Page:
Prediction of fat-free mass using bioelectrical impedance analysis in young adults from five populations of African origin.

TitlePrediction of fat-free mass using bioelectrical impedance analysis in young adults from five populations of African origin.
Publication TypeJournal Article
Year of Publication2013
AuthorsLuke, A, Bovet, P, Forrester, TE, Lambert, EV, Plange-Rhule, J, Dugas, LR, Durazo-Arvizu, RA, Kroff, J, Richie, WN, Schoeller, DA
JournalEur J Clin Nutr
Date Published2013 Sep
KeywordsAdult, African Continental Ancestry Group, Body Composition, Body Mass Index, Body Weight, Cohort Studies, Electric Impedance, Female, Ghana, Humans, Jamaica, Life Style, Linear Models, Longitudinal Studies, Male, Middle Aged, Motor Activity, Nutritional Status, Seychelles, South Africa, United States

BACKGROUND/OBJECTIVES: Bioelectrical impedance analysis (BIA) is used in population and clinical studies as a technique for estimating body composition. Because of significant under-representation in existing literature, we sought to develop and validate predictive equation(s) for BIA for studies in populations of African origin.

SUBJECTS/METHODS: Among five cohorts of the Modeling the Epidemiologic Transition Study, height, weight, waist circumference and body composition, using isotope dilution, were measured in 362 adults, ages 25-45 with mean body mass indexes ranging from 24 to 32. BIA measures of resistance and reactance were measured using tetrapolar placement of electrodes and the same model of analyzer across sites (BIA 101Q, RJL Systems). Multiple linear regression analysis was used to develop equations for predicting fat-free mass (FFM), as measured by isotope dilution; covariates included sex, age, waist, reactance and height(2)/resistance, along with dummy variables for each site. Developed equations were then tested in a validation sample; FFM predicted by previously published equations were tested in the total sample.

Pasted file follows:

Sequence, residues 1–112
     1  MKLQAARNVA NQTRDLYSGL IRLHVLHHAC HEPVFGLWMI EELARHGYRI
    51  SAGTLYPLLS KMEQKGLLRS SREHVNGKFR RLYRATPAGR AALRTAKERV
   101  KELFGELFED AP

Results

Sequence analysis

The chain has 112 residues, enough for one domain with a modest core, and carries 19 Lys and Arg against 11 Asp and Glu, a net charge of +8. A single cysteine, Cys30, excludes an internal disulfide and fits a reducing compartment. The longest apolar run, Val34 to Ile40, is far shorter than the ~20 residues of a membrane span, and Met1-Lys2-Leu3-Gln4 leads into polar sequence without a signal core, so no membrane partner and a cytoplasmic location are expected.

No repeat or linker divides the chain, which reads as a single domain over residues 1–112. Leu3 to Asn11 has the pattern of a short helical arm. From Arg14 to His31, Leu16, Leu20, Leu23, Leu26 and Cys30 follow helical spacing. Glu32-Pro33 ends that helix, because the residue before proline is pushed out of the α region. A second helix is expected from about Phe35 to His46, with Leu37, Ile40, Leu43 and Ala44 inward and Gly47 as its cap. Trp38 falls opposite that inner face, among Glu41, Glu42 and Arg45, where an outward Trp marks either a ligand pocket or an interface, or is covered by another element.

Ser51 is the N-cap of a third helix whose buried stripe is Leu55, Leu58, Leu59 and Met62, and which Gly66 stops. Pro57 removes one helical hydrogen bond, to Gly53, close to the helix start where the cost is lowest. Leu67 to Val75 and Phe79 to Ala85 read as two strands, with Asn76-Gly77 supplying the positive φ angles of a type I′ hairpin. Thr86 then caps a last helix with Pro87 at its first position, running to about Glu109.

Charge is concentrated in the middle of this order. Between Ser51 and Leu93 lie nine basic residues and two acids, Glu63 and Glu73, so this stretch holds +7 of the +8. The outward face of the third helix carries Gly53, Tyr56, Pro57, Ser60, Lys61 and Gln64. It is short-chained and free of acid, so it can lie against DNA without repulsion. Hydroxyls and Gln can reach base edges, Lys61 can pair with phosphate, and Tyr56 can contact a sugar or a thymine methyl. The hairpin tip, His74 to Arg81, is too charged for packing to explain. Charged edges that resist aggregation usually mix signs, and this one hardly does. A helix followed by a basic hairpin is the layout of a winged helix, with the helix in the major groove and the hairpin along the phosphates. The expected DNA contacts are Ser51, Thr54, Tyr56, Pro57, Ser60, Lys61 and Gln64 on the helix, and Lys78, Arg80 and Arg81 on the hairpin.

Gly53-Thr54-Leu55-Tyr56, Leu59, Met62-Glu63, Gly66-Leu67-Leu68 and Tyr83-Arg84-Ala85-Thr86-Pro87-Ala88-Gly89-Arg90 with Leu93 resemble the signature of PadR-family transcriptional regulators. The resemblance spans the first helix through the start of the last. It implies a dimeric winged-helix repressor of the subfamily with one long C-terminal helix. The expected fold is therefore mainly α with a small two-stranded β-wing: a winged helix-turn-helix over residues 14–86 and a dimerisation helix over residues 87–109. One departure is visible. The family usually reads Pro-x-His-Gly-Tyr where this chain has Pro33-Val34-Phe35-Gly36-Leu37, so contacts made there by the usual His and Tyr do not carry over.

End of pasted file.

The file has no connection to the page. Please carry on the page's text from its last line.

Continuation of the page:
RESULTS: A site-combined equation and site-specific equations were developed. The mean differences between FFM (reference) and FFM predicted by the study-derived equations were between 0.4 and 0.6 kg (that is, 1% difference between the actual and predicted FFM), and the measured and predicted values were highly correlated. The site-combined equation performed slightly better than the site-specific equations and the previously published equations.

CONCLUSIONS: Relatively small differences exist between BIA equations to estimate FFM, whether study-derived or published equations, although the site-combined equation performed slightly better than others. The study-derived equations provide an important tool for research in these understudied populations.

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Alternate JournalEur J Clin Nutr
Citation Key / SERVAL ID3457
PubMed ID23881006
PubMed Central IDPMC3766444
Grant List1R01DK80763 / DK / NIDDK NIH HHS / United States
R01 DK080763 / DK / NIDDK NIH HHS / United States


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